Over the next few weeks, we meet below the bridge almost every day. Our parents don’t care – or really know. We’re both latchkey kids. His mom and my dad both work multiple jobs.

We’re as free as two teenagers can get.

Better still, it’s the wettest July we can remember. The rain crashes down on a daily basis, keeping the rocks loose and the creek flowing.

Our dam grows:

Two feet deep.

Three feet.

Up to our chests.

Deep enough to swim in.

We finish one dam only to start on a second. We’ve got a little waterfall going, tumbling from the tiny lake we’ve built into the pond we’re constructing below. Fish start showing up. Frogs, too. No one else in our neighborhood sees what we’ve built. The trees on either side of the bridge are too thick.

Sometimes I think this is as close as we’ll ever get to living meaningful lives.

Instead of planting ourselves in front of video games or getting into mischief – which Liam and I are known for – we’re building our own world in the woods. It costs nothing but our time, which we’re glad to give.

We expand our journey. We follow the creek into the woods. We even brave the pipes, using big sticks to clear away the giant spiders’ webs. We find a real lake downstream, complete with a snapping turtle. We claim a two-mile stretch of creek as our own.

And then one day, as we’re wading in our self-made pool, Liam looks at me with horror in his eyes.

I figure he’s just messing with me. We’re master pranksters, after all. It’s what we do.

But then I see what he sees.

A water moccasin, slow and serpentine, is in our pool. It’s swimming atop the water, winding its way between us. The water moccasin, otherwise known by its deadlier name – cottonmouth – looks calm.

But we’re frozen all the same.

The five-foot snake heads to our waterfall and slithers into the shallower pool below.

We survive.

After that day, we never stack another stone atop our dam. We never wade in its shallows again. And while we occasionally stroll along the creek and journey deep into the woods, our little lake is forgotten.

The school year begins.

The rain ends.

It all happens so fast.

* * *

Not all that long ago, I braved a trek back to my old neighborhood. Rocky Hill, it’s called, in the quiet suburb of Lilburn, Georgia.

Our dam was still there.

I wonder if the snake ever came back.

*

*

This story is true. It really happened.

For more like it, go here.

*

J Edward Neill

Creator of Coffee Table Philosophy

Painter of Shadows

A Thought for Every Thursday – 3 Absurd Scenarios

Let’s have a little fun this week.

In contrast to the deadly serious questions we’ve asked recently, this week’s trio will border on the absurd.

Three questions.

Three strange scenarios.

Go for it…

*

Magic Potion

Suppose scientists created a cheap and tasty beverage.

If you sip it once every morning, you’ll be relaxed, alert, and happy all day.

And you’ll sleep like the dead.

The only side-effect: whenever you’re under the influence of this beverage, your IQ is 10% lower than normal.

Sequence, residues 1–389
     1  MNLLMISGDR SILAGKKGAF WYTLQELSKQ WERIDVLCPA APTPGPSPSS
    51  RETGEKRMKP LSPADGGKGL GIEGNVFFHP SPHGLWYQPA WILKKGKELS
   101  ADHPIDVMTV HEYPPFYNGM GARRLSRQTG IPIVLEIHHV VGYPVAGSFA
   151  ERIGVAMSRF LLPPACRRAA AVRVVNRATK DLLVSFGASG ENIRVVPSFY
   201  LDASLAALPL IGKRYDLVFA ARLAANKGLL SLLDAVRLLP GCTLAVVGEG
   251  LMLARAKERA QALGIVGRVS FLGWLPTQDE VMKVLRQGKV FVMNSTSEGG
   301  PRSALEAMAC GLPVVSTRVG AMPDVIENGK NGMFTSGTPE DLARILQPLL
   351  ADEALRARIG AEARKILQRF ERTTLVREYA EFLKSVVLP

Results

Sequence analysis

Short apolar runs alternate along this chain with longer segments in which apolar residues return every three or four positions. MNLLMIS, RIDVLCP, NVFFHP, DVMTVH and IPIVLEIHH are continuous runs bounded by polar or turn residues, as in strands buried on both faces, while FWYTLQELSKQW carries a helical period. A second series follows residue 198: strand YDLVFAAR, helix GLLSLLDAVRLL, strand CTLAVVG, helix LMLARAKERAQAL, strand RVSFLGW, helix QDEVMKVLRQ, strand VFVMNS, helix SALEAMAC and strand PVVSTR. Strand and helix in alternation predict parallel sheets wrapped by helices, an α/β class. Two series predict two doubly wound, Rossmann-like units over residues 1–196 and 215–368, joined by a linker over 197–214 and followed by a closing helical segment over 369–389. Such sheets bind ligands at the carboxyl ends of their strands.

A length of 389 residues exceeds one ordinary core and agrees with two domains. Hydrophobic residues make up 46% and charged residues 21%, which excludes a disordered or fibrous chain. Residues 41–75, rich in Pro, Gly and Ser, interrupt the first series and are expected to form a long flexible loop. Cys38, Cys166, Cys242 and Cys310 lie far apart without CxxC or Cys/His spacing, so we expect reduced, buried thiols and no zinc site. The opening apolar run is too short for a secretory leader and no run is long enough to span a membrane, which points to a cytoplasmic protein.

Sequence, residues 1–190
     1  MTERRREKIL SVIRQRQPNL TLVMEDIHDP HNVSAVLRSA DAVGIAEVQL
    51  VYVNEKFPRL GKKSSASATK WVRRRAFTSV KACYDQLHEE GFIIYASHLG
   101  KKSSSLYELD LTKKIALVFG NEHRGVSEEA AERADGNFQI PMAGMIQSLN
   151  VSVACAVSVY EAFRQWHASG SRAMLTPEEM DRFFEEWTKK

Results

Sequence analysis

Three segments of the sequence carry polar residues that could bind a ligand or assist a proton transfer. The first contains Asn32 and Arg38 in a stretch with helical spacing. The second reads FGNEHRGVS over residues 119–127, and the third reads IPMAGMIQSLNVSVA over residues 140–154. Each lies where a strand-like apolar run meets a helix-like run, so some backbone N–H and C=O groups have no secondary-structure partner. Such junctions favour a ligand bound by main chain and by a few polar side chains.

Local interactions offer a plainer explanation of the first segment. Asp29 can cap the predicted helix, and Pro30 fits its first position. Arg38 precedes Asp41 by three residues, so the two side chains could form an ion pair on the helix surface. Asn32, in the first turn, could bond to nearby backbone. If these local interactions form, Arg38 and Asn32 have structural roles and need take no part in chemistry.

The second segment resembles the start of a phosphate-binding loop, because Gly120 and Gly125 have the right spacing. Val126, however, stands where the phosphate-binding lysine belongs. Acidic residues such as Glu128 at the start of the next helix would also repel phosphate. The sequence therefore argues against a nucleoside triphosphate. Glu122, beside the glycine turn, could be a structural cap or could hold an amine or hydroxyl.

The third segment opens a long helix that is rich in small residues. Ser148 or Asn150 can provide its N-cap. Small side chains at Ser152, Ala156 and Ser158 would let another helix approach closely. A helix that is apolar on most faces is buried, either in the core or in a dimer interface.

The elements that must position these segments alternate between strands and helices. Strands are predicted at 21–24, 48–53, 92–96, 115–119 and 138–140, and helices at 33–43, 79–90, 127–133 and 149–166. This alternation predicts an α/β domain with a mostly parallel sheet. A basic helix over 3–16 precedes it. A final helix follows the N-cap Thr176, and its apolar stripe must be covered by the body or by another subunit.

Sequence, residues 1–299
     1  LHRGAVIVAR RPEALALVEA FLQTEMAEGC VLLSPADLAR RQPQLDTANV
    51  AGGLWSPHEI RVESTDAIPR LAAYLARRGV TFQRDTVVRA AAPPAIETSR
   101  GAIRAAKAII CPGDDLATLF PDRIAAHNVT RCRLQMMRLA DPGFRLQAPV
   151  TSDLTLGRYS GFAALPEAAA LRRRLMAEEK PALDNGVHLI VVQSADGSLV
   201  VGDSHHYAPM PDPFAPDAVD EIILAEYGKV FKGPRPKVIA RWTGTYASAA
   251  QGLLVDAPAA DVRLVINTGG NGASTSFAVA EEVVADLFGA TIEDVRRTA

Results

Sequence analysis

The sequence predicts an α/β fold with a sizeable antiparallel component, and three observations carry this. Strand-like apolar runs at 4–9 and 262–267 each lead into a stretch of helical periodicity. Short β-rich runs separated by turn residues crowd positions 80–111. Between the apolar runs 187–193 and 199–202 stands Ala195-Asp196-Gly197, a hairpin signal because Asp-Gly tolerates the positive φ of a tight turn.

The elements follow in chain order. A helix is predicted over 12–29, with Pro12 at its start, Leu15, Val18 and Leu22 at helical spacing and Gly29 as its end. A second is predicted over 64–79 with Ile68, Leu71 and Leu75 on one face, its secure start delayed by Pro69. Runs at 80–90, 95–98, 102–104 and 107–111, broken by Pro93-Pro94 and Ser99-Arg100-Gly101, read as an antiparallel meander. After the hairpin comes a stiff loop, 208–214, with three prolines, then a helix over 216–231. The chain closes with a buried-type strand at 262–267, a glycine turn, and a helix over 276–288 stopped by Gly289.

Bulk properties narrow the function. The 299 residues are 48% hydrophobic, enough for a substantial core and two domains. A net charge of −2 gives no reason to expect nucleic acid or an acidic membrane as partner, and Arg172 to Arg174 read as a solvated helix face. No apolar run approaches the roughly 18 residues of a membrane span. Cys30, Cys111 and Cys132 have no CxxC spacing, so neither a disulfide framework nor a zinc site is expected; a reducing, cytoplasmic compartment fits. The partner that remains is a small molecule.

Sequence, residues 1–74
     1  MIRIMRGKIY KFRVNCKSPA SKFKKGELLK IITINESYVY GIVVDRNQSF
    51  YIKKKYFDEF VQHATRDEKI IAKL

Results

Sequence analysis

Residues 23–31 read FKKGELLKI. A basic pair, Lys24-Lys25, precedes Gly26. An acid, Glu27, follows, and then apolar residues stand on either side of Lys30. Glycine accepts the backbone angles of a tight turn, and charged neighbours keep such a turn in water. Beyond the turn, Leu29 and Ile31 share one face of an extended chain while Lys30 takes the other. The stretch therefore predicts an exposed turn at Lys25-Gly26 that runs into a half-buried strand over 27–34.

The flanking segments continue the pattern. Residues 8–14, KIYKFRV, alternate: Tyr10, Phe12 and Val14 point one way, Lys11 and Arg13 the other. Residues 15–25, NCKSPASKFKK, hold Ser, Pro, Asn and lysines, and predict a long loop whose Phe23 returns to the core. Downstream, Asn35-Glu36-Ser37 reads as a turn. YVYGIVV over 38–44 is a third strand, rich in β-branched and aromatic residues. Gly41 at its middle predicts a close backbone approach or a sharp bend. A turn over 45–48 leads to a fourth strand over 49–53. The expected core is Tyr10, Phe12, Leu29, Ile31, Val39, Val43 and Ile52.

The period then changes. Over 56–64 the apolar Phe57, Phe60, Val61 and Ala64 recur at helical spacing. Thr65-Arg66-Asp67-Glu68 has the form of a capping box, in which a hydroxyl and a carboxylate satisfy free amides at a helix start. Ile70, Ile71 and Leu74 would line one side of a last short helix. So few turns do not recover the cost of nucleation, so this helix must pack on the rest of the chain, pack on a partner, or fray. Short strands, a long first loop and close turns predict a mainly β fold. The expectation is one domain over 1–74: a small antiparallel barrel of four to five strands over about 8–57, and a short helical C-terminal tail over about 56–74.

Drink or no drink?

*

Brain in a Bottle

 Imagine that scientists have developed a new technology for extending human consciousness.

After the body dies, a special device captures human intellect, emotions, and personalities. Bodies are replaced by humanlike robots, and brains swapped out for powerful computers.

Would you want to extend your life in such a way?

Why or why not?

*

Remember your Cardio

 A zombie apocalypse has occurred.

Society has utterly collapsed.

People are turning undead in droves of millions.

Considering the real-life location in which you live, what’s your plan for survival?

Think short-term and long term.

**

 

* * *

Past Thought for Every Thursday entries are right here.

If you like these kinds of questions, try these on for size.

If you prefer something gentler, go here.

Until next week…

J Edward Neill

A Thought for Every Thursday – Choose Your Own Adventure

This week’s A Thought for Every Thursday question continues along on our recent path of asking serious questions.

Don’t sweat it. We’ll come back to the light stuff eventually…

*

Choose Your Own Adventure

From the following, choose which one you hope is what happens after your death:

  • People who exhibit sufficient good in life go to a heaven of some sort, while everyone else suffers a worse fate
  • When we die, all that we are is forever lost
  • Reincarnation; either as a human again or a different animal type
  • We ascend to some higher form of consciousness, meaning we’re no longer human, but we retain some of what we once were
  • We roam as spirits either forever or for a period of time

 

  • And now choose which one you believe is most probably the truth.

* * *

Past Thought for Every Thursday entries are right here.

If you like these kinds of questions, try these on for size.

If you prefer something gentler, go here.

Until next week…

J Edward Neill

A Thought for Every Thursday – We Didn’t Ask to be Here

This week’s A Thought for Every Thursday question continues along our recent path of asking serious questions.

We’ll come back to the easy stuff eventually.

…maybe.

**

This particular question is a favorite of mine.

More than most Thought for Every Thursday questions, I really, really want your answer.

*

We Didn’t Ask to be Here

 Since we are, none of us, responsible for our own presence in this world, meaning that none of us created ourselves or willed ourselves into existence, does that reduce any of our personal responsibility in this life?